Goff chooses spending over rate cuts

Author
Alex Braae,
Publish Date
Thu, 2 Nov 2017, 5:24AM
Auckland Mayor Phil Goff said he needs the proposed savings for infrastructure. Photo/File
Auckland Mayor Phil Goff said he needs the proposed savings for infrastructure. Photo/File

Goff chooses spending over rate cuts

Author
Alex Braae,
Publish Date
Thu, 2 Nov 2017, 5:24AM

No rates cut for Auckland households, despite millions of dollars worth of savings being found.

The Council's Value for Money Review said $370 million can be saved over ten years.

But Mayor Phil Goff said he needs that money to spend.

"I don't think rate cuts are realistic when you look at something like needing $27 billion worth of extra investment in our transport infrastructure in just the next 10 years."

He said Auckland has challenges that need to be addressed.

"Either we can't provide the services or we have to raise more money through rates and my preference is to find the savings we can make and not simple continually lift rates."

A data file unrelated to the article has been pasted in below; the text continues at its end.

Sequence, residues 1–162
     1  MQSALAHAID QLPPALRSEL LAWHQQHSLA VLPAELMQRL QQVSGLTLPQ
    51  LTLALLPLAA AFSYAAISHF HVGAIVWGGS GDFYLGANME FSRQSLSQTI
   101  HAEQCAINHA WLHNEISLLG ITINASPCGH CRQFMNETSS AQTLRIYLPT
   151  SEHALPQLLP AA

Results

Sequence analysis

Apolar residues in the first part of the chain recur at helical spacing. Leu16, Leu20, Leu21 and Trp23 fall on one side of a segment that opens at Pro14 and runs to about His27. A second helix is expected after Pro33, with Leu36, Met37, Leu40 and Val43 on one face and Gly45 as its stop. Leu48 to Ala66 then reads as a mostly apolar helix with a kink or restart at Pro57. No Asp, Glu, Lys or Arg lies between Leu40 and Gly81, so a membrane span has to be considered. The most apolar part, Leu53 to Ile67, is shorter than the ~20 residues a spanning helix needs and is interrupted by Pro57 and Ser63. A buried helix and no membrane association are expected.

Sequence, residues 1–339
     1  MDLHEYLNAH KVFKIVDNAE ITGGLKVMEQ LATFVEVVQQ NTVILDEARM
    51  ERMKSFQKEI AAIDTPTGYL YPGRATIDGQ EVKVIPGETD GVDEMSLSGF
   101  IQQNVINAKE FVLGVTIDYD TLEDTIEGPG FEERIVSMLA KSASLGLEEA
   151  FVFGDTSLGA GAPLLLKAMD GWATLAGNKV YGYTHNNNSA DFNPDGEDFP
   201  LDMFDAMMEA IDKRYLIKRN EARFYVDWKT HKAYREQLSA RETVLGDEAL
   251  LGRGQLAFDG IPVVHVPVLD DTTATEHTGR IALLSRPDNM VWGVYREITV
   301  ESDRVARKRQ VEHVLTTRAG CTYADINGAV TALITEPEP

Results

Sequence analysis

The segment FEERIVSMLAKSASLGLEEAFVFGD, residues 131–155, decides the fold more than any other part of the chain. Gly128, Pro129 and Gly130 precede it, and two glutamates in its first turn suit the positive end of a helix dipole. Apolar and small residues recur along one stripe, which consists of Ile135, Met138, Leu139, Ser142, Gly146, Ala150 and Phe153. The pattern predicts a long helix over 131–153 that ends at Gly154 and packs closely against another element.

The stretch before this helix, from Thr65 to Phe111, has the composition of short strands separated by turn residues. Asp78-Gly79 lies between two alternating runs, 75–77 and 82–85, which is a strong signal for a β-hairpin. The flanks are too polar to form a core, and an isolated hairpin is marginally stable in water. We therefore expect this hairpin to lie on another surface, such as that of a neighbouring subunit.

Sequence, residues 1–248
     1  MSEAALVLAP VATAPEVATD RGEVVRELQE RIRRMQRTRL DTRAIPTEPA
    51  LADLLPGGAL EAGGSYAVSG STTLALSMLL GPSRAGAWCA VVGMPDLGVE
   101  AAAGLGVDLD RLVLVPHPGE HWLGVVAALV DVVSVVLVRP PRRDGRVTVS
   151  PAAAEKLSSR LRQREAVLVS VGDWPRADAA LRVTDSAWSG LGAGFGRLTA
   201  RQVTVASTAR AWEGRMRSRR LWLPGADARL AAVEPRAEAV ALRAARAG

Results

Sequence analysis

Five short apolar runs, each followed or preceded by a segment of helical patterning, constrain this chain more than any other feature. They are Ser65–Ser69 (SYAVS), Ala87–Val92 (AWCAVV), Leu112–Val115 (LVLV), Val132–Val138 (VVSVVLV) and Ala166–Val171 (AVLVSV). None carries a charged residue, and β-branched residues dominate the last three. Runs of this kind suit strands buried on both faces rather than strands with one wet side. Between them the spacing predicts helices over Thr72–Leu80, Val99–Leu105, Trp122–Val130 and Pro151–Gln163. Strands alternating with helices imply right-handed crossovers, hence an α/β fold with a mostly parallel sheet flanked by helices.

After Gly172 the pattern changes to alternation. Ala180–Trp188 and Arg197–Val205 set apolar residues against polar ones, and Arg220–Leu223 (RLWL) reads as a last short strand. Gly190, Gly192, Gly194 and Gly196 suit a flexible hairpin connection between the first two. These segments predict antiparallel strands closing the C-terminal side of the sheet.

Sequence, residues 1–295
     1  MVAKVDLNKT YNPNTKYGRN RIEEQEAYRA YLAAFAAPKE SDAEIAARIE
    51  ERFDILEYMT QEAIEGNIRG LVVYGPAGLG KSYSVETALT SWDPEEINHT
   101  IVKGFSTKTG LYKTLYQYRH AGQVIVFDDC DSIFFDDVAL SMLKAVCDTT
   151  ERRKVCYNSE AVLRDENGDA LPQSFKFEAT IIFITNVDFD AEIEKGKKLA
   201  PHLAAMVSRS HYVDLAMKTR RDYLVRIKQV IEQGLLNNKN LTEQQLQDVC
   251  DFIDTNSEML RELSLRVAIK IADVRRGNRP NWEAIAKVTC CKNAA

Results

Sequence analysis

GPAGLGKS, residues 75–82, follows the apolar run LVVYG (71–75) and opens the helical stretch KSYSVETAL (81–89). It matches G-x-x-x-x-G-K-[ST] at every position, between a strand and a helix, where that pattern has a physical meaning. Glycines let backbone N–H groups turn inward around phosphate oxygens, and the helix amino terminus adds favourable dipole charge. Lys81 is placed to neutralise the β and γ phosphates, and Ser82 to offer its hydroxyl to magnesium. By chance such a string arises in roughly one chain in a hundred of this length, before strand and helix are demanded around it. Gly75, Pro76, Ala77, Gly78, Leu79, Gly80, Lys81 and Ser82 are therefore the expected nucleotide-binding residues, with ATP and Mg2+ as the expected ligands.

The savings will be made by amalgamating the Council's water services, and jobs may be cut in the Communications and Engagement sector.

Rodney councillor Greg Sayers isn't satisfied with Goff's response.

"Rates are being forced to go up. If the savings were made within council it would take a lot of pressure off the need to increase rates by the levels they're being increased by," he said.

Sayers said the suggested savings are less than a percent of the council's budget.

"Auckland Council should be aiming at making savings of over 10 percent per year while focusing on maintaining the frontline services and that's the challenge the mayor should be putting up for the chief executive. "

Meanwhile, the union for Auckland Council staff is concerned about how this review will impact morale.

Glenn Barclay from the Public Service Association said council staff have been under the microscope for a long time.

"For the council itself to promote a review of this type means that it's become more highly politicised and we're worried about that. We think that it's going to impact further on morale for people who have already been through heaps of restructures."

The review found $54 million could be saved in communications and engagement over ten years.

But Barclay said communications staff do vital work.

"Councils need to communicate with their ratepayers on all kinds of issues. Many of which are required by law such as rates information and service. People need to hear what's going on in their city and have their say."